Under a hazy Sunday evening sky, the upbeat rhythms of steelpans filled St. Thomas’s Lionel Roberts Stadium for the annual Carnival Steelband Jamboree.
A total of 12 bands, mostly school-based and some clubs, took the stage, delighting the couple hundred audience members with upbeat melodies that seemed made for easy listening.
“We put our own spin on the Carnival theme this year: We say ‘Nothing is More Fabulous than a Well-tuned Steelpan for Carnival,” Eduardo Corneiro, master of ceremonies and chairman of the Carnival Steelband Jamboree Committee, said.
Before the bands took the stage for the evening, the audience stood for the national anthem and V.I. March. A recorded invocation from the Rev. Mikie Roberts of the Memorial Moravian Church of St. Thomas was played to the crowd, reminding all to rejoice and celebrate the creation of the steel drum.
As the evening’s performances continued, more and more people filled the stadium’s grounds and stands. Proud parents cheered and recorded their children’s troops on their cell phones and cameras while the players pinged their drums.
Angela Hanley said her 8-year daughter, a member of the Ulla Muller Panatics, loves playing the steel drum, which she started learning about five months ago.
“It keeps her busy and out of trouble. Plus, it’s another form of education for her, since she gets to use her brain in a different way,” Hanely said.
Corneiro said that in the early days of St. Thomas’s Carnival there weren’t any big steel bands.
“We learned about the steelpans from Trinidad. They’re the sound of carnival and they don’t require electricity – we take pride in them and want to keep the tradition alive,” Corneiro said.
Corneiro explained that many of the island’s bands have few opportunities to perform throughout the year, so the jamboree gives them another chance to play on top of the main Carnival parade.
“This is a time for the students to showcase what they’ve been working on all year,” Corneiro said.
Fellow band members Kyle Burroughs and Dakenlie Mauvais, who play for the Bertha C. Boschulte Burning Blazers, said they enjoy how much fun it is to play steelpans. Both girls said the song “Sleeping,” which is something they love to do, was their favorite song to play from their band’s set.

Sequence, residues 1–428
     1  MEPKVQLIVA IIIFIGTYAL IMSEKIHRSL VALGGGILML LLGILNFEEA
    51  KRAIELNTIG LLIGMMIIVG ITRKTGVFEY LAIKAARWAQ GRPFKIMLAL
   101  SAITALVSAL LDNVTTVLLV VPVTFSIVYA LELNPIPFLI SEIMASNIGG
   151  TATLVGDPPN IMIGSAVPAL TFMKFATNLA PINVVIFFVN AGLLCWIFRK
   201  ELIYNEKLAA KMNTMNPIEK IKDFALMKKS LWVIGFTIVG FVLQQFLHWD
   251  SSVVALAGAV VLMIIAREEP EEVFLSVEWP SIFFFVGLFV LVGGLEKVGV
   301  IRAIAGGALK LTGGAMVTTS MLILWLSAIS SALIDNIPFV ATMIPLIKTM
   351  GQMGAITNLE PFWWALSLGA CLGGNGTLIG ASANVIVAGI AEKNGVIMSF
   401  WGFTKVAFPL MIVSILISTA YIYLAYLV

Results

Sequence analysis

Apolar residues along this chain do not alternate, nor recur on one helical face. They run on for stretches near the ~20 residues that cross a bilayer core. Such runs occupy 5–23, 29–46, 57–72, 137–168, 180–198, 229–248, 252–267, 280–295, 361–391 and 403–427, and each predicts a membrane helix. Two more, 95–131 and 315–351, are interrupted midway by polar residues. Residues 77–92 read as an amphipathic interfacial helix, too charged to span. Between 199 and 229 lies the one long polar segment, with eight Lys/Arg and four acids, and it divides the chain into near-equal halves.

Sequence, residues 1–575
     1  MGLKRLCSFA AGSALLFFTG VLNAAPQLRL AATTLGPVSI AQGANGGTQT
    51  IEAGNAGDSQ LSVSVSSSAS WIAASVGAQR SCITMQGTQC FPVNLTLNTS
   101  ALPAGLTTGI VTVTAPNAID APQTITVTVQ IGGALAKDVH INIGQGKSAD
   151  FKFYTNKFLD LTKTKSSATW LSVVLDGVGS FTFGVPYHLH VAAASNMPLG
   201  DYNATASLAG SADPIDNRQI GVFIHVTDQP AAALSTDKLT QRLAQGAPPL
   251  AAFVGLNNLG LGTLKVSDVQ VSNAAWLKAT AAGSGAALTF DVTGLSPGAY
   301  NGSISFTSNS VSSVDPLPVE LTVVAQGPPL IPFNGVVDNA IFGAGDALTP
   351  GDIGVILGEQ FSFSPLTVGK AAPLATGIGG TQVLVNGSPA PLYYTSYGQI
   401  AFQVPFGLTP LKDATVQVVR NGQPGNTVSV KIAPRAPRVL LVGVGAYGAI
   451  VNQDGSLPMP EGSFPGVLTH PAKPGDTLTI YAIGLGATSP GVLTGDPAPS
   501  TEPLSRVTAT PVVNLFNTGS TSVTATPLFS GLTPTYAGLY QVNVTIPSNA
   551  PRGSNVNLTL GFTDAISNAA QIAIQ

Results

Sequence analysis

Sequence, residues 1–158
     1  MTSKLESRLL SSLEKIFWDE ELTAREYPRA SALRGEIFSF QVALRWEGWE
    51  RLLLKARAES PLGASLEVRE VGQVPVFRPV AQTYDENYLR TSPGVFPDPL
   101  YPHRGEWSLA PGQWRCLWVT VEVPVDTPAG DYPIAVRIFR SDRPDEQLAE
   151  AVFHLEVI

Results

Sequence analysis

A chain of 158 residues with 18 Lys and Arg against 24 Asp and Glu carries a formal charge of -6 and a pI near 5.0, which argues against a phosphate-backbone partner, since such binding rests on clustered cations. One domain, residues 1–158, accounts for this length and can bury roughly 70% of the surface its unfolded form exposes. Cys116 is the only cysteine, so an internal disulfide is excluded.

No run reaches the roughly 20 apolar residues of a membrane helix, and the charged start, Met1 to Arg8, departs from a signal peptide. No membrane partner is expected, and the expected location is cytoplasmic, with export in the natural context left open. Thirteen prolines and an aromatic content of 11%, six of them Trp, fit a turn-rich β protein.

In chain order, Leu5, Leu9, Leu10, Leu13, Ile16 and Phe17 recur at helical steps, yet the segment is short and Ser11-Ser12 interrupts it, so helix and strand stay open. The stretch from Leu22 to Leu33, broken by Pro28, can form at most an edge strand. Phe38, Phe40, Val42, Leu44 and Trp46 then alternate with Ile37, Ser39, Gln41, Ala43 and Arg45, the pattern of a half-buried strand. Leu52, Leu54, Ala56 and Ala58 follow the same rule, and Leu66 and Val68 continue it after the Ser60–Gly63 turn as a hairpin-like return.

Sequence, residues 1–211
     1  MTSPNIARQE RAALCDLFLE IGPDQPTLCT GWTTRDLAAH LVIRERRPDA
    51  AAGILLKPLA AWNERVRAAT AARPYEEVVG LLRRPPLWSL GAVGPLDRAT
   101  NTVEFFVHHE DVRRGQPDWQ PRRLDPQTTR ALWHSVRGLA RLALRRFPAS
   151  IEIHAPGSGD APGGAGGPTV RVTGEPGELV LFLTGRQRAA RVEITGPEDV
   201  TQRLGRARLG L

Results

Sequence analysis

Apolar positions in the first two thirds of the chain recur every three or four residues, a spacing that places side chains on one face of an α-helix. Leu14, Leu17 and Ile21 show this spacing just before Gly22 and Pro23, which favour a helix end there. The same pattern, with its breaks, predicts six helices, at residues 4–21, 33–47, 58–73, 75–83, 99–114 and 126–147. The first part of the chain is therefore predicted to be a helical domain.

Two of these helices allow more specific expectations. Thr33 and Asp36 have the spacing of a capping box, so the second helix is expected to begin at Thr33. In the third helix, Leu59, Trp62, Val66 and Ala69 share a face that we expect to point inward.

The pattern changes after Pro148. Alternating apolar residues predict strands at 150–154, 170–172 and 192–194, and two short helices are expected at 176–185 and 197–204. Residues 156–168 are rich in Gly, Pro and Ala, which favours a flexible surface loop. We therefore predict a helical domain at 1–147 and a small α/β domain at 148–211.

Burroughs, who’s been playing steelpans for more than four years, said her band practiced for a few hours throughout the school week and then for three hours every Saturday to prepare for their Carnival performance.
For Rashida Hodge, attending the event each year evokes immense gratitude for the opportunities she was afforded over 20 years ago as a member of the Rising Stars Steel Orchestra. Funded by the V.I. Superior Court, the steel band group provides tutoring and mentoring for its members.
Now 35 years old and living in North Carolina, Hodge said, “I live my life by the group’s motto that ‘Nothing is so complicated that it cannot be simplified by hard work.’”
Hodge said she loves the familiar sounds of the steelpan, especially when she recognizes a new, popular tune. She believes that everyone – old and young – can relate and dance to the steel drum.
Many of the evening’s songs were crowd-pleasing, famous tunes such as “The Lion Sleeps Tonight,” performed by the V.I. Montessori Steel Voltage group.
“The music is so Caribbean, so particular, so fresh,” Fiorela Calvinisiti, a spectator, said. “I just love the idea of children getting involved in this type of activity and seeing how closely they pay attention to their band leader.”
During the intermission, Corneiro, speaking on behalf of the V.I. Carnival Committee, thanked all of the bandleaders for their dedication to teaching the youth how to play the steelpan.
The following bands performed Sunday: V.I. Montessori Steel Voltage, Ulla Muller Panatics, Joseph Sibilly Run Rays, Joseph Gomez Pan Buster, Kerwin Terrace Wess Stars, Love City Pan Dragons, Rising Stars Steel Orchestra, Ivanna Eudora Kean Devil Rays, St. Thomas All Stars, Bertha C. Boshulte Burning Blazers and Charlotte Amalie High School Mellow Hawks.